Reducing the cost of electrolysers is the key

The ever-growing search for the most feasible and environmentally friendly fuel has brought green hydrogen to the centre stage of the greatest 21st century argument. Currently, less than 1% of the hydrogen produced in the world today is green (i.e., from renewable sources), the rest being primarily grey (produced from coal or gas).
As a fuel, hydrogen was used to power the first internal combustion engine 200 years ago. It was also used as rocket fuel for the Apollo moon shots in the 1960s. Then it vanished as the endless cheap oil ensured its fringe status. Cut to the 2020s, the ICE and EV monopolists are the front opposers of the underlying feasibility of green hydrogen technology.
Elon Musk, the founder of Tesla, tweeted, “The best-case hydrogen fuel cell doesn’t win against the current case batteries, so then, obviously it doesn’t make sense.” While Herbert Diess, the CEO of German automotive powerhouse Volkswagen Group, weighed in on the subject, by stating “Green hydrogen is needed for steel, chemical, aero and should not end up in cars. Far too expensive, inefficient, slow and difficult to roll out and transport.”
Green hydrogen is not only a cleaner substitute for natural gas but is also fit for purpose as a store of energy, and, therefore, useful in balancing intermittent electricity supply from solar and wind. Moreover, the impact of the Ukrainian war has sent prices of fossil fuel-tied forms of hydrogen production surging, leaving the gradual but consistent downward price trend of green hydrogen remarkably competitive.
In November 2021 at COP 26 in Glasgow, Prime Minister Narendra Modi made five commitments—achieve Net Zero by 2070, and by 2030, take cumulative non-fossil fuel generation capacity to 500 GW, meet 50% of energy needs from renewable energy, reduce the energy intensity of the economy by 45%, and reduce carbon emissions by 1 billion tons. In line with meeting these targets, India launched the Green Hydrogen Policy aiming at boosting the domestic production of green hydrogen to 5 million tonnes per annum (MTPA) by 2030, half of the EU’s target of 10 MTPA, and making India an export hub for the energy source. Through this policy, the government also aims to produce renewable hydrogen at $2.5/kg by 2025 and $1/kg by 2030, Amitabh Kant, chief executive, of NITI Aayog said.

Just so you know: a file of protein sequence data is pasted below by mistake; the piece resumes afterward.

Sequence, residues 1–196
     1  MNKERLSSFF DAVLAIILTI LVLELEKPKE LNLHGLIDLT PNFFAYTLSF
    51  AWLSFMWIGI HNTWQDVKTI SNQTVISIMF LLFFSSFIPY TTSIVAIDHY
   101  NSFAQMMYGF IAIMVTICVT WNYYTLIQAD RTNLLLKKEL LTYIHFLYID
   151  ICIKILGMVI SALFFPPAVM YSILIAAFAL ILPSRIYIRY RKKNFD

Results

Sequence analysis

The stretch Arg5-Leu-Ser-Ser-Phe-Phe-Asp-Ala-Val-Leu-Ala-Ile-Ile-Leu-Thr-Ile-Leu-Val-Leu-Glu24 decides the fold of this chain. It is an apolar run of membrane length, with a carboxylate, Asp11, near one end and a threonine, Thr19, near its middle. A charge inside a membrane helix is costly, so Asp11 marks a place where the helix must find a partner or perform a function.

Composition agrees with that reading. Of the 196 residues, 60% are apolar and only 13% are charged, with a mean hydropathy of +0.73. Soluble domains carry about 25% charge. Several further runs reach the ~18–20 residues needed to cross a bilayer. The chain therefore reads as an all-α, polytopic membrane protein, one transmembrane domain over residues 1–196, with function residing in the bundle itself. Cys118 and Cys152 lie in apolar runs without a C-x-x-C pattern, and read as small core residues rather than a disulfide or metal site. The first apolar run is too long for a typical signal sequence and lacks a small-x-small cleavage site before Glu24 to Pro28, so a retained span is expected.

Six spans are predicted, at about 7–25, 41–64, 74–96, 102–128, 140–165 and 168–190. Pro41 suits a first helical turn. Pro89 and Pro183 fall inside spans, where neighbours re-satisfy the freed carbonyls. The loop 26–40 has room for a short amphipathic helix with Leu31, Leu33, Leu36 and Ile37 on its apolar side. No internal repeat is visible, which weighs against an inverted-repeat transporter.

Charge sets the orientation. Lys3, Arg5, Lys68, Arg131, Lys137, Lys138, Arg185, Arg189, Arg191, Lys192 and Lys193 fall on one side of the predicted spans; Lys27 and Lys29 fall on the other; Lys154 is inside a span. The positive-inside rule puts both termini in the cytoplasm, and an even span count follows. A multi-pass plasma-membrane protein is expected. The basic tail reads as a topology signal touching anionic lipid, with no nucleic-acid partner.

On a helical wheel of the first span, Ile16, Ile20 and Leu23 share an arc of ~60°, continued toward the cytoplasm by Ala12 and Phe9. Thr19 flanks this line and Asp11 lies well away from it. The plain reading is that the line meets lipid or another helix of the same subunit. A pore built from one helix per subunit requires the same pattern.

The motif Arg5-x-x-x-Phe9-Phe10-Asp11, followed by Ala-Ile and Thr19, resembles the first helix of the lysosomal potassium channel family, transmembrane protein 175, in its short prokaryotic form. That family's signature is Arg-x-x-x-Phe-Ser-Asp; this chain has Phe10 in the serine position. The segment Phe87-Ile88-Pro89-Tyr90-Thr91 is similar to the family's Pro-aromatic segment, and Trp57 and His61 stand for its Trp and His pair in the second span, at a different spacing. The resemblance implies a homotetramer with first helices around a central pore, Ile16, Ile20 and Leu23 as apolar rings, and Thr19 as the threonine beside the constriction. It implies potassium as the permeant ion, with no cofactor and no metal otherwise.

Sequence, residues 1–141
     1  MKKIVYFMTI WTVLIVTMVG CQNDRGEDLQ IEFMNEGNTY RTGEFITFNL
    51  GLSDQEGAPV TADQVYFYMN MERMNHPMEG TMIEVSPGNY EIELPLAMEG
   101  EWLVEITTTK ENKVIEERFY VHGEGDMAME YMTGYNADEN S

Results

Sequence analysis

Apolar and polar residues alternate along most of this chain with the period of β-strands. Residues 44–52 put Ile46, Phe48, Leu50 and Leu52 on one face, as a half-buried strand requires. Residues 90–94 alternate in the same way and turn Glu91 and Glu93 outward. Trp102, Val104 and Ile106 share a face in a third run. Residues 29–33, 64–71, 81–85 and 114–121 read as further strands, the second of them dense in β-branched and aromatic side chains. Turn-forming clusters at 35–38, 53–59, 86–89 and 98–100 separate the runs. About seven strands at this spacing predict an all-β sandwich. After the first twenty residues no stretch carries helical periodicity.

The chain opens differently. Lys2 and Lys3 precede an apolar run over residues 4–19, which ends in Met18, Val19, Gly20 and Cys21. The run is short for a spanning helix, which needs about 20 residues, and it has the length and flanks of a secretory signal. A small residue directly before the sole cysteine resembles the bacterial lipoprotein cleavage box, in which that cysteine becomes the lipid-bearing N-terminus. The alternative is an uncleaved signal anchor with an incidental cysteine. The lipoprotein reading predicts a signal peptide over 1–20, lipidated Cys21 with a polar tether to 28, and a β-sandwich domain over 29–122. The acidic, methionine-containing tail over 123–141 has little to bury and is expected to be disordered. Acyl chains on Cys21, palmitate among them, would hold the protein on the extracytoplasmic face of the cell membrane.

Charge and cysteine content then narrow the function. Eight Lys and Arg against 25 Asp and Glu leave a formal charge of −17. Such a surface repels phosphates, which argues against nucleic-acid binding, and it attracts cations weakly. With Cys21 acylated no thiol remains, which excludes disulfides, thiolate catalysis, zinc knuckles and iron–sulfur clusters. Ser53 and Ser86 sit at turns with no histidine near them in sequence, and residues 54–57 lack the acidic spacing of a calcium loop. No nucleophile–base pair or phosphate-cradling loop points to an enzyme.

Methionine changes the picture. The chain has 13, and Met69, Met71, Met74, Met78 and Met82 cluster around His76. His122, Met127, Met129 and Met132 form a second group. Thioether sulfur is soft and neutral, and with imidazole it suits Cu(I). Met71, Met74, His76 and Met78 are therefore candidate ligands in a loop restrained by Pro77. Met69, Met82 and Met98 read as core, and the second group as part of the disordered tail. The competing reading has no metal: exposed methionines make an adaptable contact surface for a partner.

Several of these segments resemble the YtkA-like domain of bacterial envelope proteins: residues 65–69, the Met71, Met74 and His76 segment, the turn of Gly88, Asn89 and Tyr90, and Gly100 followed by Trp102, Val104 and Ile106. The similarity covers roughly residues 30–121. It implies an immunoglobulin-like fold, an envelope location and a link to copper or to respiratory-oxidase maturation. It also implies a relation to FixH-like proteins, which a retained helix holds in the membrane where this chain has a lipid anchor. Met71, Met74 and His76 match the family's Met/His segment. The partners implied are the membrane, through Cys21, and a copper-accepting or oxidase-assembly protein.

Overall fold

Currently, India is one of the largest consumers of hydrogen in the world with a demand of 6.7 MTPA which comprises 7-8% of the global hydrogen demand. According to a KPMG report, the green hydrogen demand could comprise 20-30% of the overall hydrogen demand in India, which is expected to jump to almost double at 12 MTPA.
The policy is in the right direction since the production of green hydrogen is energy-intensive, requiring 50 kWh for every kg produced through electrolysis. Waiving the ISTS will lower the delivered cost of bulk RE supply by 25% in the long-term, thereby, widening the scope of engagement and creating potential competition and will also develop a large domestic market for the sale of renewable energy. The provisioning of banking facilities will result in better utilization of electrolysers, which will, in turn, help in lowering the per-unit cost of green hydrogen. Bunker facilities to be provided near ports will facilitate ease of exporting hydrogen.
In a recent major visit of a European Parliament delegation, regarding India-EU FTA, the EU cleared that they want to be independent of Russian energy supplies and are looking at India as a potential Green Hydrogen supplier. The EU has already announced plans for a €300 million funding package for hydrogen.
Recently, Greenko group and Belgium-based John Cockeril are set to build a two-gigawatt hydrogen electrolyser gigafactory in India, the largest outside of China. This partnership will reportedly entail an investment of about Rs 4,000 crore. Indian Oil Corporation, Larsen & Toubro, and ReNew Power have also signed a binding term sheet to set up a Joint Venture company to develop the green hydrogen sector in India.
According to India Hydrogen Alliance (2021), India needs to mobilize $25 billion for building a domestic hydrogen supply chain with a 25 GW electrolyser capacity by 2030, which is expected to generate 5 million tons of green hydrogen annually. The cost of manufacturing electrolysers, which constitutes 25-30% of the unit cost, needs to be brought down by direct subsidies to the producers by including them in the PLI Scheme and by reducing the import duties. Moreover, India needs to invest in continuous innovation, by increasing R&D budgets, and support for demonstration projects to make sure key hydrogen technologies reach commercialisation as soon as possible.
As Erik Solheim, the 6th Executive Director of the UN Environment Programme mentioned, “India has the potential to be a global giant in the space of conscious, green and sustainable businesses.” Right now, the key lies in reducing the cost of electrolysers. If we can reduce our turnaround time and implement these policies, India can soon be the Middle East of Green Hydrogen.

Rajesh Mehta is a leading consultant & columnist working on market entry, innovation and public policy.
Uddeshya Goel is a financial researcher with specific interests in international business and capital markets.